"I literally couldn't come out at school because I could get kicked out for being gay."
So I really think the thing I can do is tell my story, because the contributing factors that happened to me were that I was coming out on a Catholic college campus with no support. I literally couldn't come out at school because I could get kicked out for being gay. And I was falling in love with a woman for the first time, isolated, and really steeped in shame. I had no good information about my body and sexuality, like at all, because I didn't have proper sex ed. So when I think about who needs to continue this conversation, I think it's all of us. Going forward, I think the model of behavior should be just stepping into the light. Because more information is better. I'm not a transgender person, but I think my talking about it on stage allows someone else to take the torch and tell their story, especially in comedy.
PS: What's happening with Take My Wife?
CE: It's on Starz, it's on iTunes. It's really a testament to the fans, that it has popped up all those places. So thanks to all those folks who cared about it. Sometimes, I think, as queer folks, we want more content that accurately reflects our lives, and I will say that what I really encourage people to do is either spend your social capital by talking about the show online or spend your disposable income. When you invest that way in queer content, people notice that. It's actually the fans that are in charge.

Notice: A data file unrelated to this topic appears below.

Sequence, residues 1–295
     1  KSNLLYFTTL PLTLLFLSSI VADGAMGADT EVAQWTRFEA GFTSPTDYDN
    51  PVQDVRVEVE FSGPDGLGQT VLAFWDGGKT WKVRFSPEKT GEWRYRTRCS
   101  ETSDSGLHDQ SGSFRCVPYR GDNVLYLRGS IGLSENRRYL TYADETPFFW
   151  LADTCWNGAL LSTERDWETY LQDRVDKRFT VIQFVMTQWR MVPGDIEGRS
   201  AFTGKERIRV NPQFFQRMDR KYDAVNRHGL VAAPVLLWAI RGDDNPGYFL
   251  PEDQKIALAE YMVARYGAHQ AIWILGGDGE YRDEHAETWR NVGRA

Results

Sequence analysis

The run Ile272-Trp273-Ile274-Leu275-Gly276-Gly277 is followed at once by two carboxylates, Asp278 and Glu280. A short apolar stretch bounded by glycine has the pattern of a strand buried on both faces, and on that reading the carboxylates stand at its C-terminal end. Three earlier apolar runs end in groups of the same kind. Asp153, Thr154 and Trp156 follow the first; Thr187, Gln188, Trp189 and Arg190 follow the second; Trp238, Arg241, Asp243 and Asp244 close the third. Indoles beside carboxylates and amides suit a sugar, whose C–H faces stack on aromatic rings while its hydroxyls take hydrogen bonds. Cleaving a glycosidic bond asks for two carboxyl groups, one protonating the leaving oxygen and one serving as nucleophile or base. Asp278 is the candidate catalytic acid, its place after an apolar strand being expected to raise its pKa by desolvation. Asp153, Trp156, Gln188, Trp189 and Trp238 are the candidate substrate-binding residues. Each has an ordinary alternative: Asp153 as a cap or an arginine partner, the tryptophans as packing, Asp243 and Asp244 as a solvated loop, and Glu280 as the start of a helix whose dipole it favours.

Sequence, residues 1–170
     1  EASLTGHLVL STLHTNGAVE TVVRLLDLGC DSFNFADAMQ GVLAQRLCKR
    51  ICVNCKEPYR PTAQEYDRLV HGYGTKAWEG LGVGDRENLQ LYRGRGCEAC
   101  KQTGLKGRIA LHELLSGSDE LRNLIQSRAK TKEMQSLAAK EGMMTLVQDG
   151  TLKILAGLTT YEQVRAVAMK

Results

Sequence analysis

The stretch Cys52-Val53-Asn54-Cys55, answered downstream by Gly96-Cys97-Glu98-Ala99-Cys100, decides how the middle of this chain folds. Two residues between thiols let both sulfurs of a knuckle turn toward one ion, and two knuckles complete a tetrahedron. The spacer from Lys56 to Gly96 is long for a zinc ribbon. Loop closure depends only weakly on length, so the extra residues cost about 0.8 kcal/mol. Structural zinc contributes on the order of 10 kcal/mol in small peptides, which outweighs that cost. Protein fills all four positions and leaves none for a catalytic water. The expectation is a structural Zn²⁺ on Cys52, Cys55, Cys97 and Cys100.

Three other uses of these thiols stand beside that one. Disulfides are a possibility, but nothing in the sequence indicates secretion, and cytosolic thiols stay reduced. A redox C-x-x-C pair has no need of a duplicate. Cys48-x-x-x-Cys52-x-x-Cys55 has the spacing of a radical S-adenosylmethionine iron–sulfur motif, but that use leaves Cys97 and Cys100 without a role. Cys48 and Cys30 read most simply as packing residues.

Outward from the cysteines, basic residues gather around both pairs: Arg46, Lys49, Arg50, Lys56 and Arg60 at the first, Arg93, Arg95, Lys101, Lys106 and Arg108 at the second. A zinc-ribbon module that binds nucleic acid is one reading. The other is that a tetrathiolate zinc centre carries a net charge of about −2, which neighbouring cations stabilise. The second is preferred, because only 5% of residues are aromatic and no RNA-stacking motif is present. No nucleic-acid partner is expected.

PS: How do you live your Pride every day?
CE: I'm pretty invested in presentation to the world. I'm trying every day to continue to live more "me." I'm a Midwesterner, so Los Angeles was very overwhelming when I first moved out here. But I learned I'm not competing against Jennifer Lawrence for roles. I don't have to pretend to be something I'm not, because I'm going to get hired as me. And that has been a huge surprise and something that I hope others get to feel in whatever industry they are in. What I'm trying to do is be out in the world and look queer. If I want to wear a leather jacket, I'll wear a leather jacket, because my boss doesn't care, because I'm the boss. And [I] show that to folks when I tour around. We are still shamed for how we look. [There's] the idea that being gay and looking queer is a problem. It's totally fine to present yourself how you want to be presented.
PS: A lot of people suffer from being judged by their queer appearance. What kind of pushback have you gotten?
CE: Have I been called slurs on the street? Absolutely. I have short hair now, and I'll occasionally get sir'd, and for some reason, that's a trigger from childhood where I felt shame for being a different kind of girl and now a different kind of woman. I also think there's huge societal pressure just to present in a way that conforms to normative beauty standards. But I find that I actually get a ton of positive feedback. A lot of times, cisgender straight dudes ask me about hair products, and it makes me feel good. Again, I hope that young queer folks who feel alone and maybe live somewhere more isolated, I hope that they occasionally read some of the nice comments on my Instagram. Because there are people who are here for how I look; therefore, there are people here for how you look.
PS: What advice would you give young queer people, perhaps young queer comedians, about how to live their Pride?
CE: Stand-up is a really easy answer to this. Stand-up needs honesty. There's nothing else going on in stand-up besides the comic is on stage trying to be honest. And so if anybody gives you pushback about sharing who you are, because we do live in this time of identity politics, don't let anybody tell you you're too gay, too queer, too much. Same thing for women; same thing for people of color. Get out there. Be honest.